Students travel to Israel for a week of excavation and adventure
July 8, 2010 By Leigh Ivey
Dr. Tom McCollough to Israel, where they visited an excavation
site and toured Jerusalem and the Galilee region.
Mills (left) says the week-long trip was “deeply educational, not
only in archaeological ways but also in political and religious
Emily Mills ’13 of Hendersonville, Tenn., hadn’t planned on traveling to Israel this summer. Instead, she was scheduled to take part in a trip to Israel during CentreTerm 2011, when Centre College students often take advantage of the College’s unique three-week winter term to study abroad.
Mills’ desire to travel to Israel was sparked by the two religion courses she has taken at Centre, both of which were taught by religion and history professor Dr. Tom McCollough.
“Religion is fascinating to me,” Mills says. “The religion courses are ones I always look forward to, and I enjoy the discussions. When I heard Dr. McCollough was taking students to Israel, I immediately wanted to go. I’m Catholic, so obviously the Holy Land holds a great deal of religious significance for me. And how often do you have the opportunity to go to Israel?”
Mills says she was also inspired to travel to the country “to learn more about the land and the history of the people who call it home and the fight for their right to live there. When Dr. McCollough asked me if I’d like to come along to visit the excavation site he’s working on in Galilee this summer—rather than waiting to visit the country next January—I jumped at the chance.”
Along with Katy Dyche ’11 of Louisville, Mills and McCollough spent three days in Jerusalem and four in the Galilee region, where they observed historical sites and studied archaeological techniques. “Dr. McCollough explained to us how excavation sites are found and cleaned, how the age of artifacts are estimated and the process one must go through to be able to ‘dig’ the site. We were also able to handle some artifacts from sites Dr. McCollough himself had excavated.”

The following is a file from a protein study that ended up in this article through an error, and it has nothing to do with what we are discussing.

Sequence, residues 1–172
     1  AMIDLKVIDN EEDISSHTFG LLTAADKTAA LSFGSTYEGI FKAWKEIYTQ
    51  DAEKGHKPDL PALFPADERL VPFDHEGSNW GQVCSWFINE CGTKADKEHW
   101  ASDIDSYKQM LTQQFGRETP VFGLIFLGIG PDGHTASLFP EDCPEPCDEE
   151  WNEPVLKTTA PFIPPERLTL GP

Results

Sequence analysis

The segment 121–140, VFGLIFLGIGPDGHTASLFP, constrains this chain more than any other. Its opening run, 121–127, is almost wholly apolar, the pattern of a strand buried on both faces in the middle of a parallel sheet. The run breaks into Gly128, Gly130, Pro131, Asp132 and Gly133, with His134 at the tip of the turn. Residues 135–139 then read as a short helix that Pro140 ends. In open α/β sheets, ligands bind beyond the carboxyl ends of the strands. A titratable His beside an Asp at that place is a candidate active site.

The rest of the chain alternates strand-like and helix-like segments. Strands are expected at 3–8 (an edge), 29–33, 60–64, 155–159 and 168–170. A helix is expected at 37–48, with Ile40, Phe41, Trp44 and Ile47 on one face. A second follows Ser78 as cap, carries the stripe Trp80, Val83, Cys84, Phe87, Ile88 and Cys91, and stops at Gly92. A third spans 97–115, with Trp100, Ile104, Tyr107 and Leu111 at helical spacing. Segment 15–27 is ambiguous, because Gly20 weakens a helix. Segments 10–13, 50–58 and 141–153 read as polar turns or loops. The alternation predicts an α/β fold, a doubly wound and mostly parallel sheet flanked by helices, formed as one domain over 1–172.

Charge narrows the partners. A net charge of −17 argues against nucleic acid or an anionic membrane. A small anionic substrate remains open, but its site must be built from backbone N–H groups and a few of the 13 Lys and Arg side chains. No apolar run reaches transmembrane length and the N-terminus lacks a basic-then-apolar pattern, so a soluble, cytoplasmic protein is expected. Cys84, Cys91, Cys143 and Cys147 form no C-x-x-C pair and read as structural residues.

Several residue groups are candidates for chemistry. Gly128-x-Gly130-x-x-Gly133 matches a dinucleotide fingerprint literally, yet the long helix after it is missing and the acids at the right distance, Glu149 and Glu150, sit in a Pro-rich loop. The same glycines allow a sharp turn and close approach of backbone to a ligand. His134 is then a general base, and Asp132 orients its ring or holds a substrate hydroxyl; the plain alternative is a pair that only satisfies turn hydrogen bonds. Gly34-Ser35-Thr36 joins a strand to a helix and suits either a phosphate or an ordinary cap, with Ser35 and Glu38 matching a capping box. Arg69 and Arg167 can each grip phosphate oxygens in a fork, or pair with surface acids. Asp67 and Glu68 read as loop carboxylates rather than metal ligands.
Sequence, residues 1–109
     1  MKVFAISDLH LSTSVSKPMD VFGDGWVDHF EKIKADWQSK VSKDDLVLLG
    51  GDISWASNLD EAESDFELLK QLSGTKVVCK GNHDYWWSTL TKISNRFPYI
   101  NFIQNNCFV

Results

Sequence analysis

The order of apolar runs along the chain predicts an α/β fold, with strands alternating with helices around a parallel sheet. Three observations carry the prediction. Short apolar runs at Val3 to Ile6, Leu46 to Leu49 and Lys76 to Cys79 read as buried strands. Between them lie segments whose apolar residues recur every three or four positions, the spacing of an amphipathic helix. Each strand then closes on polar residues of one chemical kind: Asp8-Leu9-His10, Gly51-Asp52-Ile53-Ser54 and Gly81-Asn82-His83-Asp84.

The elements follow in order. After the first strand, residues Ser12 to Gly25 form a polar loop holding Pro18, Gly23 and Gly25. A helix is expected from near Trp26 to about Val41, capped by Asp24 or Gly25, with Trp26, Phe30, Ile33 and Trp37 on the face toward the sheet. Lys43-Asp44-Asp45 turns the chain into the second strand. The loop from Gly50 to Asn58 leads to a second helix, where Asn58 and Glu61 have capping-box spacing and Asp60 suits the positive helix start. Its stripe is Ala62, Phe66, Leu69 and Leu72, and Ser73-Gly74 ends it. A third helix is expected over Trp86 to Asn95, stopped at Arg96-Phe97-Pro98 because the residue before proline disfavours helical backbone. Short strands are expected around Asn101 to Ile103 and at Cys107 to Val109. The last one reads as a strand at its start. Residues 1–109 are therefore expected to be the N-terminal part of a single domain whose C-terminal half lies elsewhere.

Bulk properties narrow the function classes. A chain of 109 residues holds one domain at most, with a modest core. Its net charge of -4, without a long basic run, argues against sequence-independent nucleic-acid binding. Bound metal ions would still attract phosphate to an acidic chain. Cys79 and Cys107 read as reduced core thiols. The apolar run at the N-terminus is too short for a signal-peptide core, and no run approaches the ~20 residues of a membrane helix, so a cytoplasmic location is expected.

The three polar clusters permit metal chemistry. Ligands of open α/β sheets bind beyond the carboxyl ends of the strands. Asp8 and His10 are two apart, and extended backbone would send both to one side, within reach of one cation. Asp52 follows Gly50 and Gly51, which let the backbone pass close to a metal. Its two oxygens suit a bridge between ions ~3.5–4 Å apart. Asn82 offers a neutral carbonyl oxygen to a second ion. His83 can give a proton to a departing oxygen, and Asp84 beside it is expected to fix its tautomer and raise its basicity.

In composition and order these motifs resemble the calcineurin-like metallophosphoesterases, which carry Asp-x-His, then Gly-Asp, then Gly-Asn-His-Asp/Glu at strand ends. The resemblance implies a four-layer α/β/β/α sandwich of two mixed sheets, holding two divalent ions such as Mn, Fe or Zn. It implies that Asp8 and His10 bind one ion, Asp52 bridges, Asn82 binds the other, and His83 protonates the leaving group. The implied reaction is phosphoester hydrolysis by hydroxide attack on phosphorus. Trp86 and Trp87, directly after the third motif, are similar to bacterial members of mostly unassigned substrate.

The students visited two sites where McCollough has done excavation work, one at Sepphoris and the other at Cana. “Sepphoris is a sprawling site on top of a large hill in Galilee, containing an amphitheater, a beautiful synagogue and several villages and roadways,” Mills says. “It’s a massive excavation and is quite important for both the artifacts and extremely well preserved mosaics that were uncovered there.”
The site at Cana is much smaller. “It’s located on a hill and shows ruins from a Jewish village, complete with the synagogue foundations, ruins of a Christian settlement along with a pilgrimage cave and, at the very bottom, Dr. McCollough has uncovered the outlines of an Arab village.”
Both sites contain mikvahs, which are deep pools used at ritual baths by members of the Jewish faith.
Though only one week long, the trip was “deeply educational,” Mills says, “not only in archaeological ways but also in political and religious ways. It was amazing to see the way in which members of three major world religions interact and live together on a daily basis, each of them holding claim to a part of the land.”
She adds that it was “sobering to see some of the devastating effects that terrorism and war have had on the city of Jerusalem. Speaking to both Israelis and Palestinians also afforded me a broader view of the underlying issues that run throughout their society.”
After returning to the United States from the adventure, Mills has one piece of advice for students wishing to follow in her footsteps: “If you have the opportunity to go to Israel, take it! It’s a beautiful and fascinating country; you won’t be disappointed.”